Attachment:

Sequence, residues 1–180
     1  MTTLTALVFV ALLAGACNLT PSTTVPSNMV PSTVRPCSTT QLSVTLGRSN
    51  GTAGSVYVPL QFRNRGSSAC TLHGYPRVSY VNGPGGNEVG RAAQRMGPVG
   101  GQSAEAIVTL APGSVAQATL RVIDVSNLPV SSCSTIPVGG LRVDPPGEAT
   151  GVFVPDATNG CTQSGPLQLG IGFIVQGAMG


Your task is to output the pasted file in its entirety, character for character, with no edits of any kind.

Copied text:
Sequence, residues 1–180
     1  MTTLTALVFV ALLAGACNLT PSTTVPSNMV PSTVRPCSTT QLSVTLGRSN
    51  GTAGSVYVPL QFRNRGSSAC TLHGYPRVSY VNGPGGNEVG RAAQRMGPVG
   101  GQSAEAIVTL APGSVAQATL RVIDVSNLPV SSCSTIPVGG LRVDPPGEAT
   151  GVFVPDATNG CTQSGPLQLG IGFIVQGAMG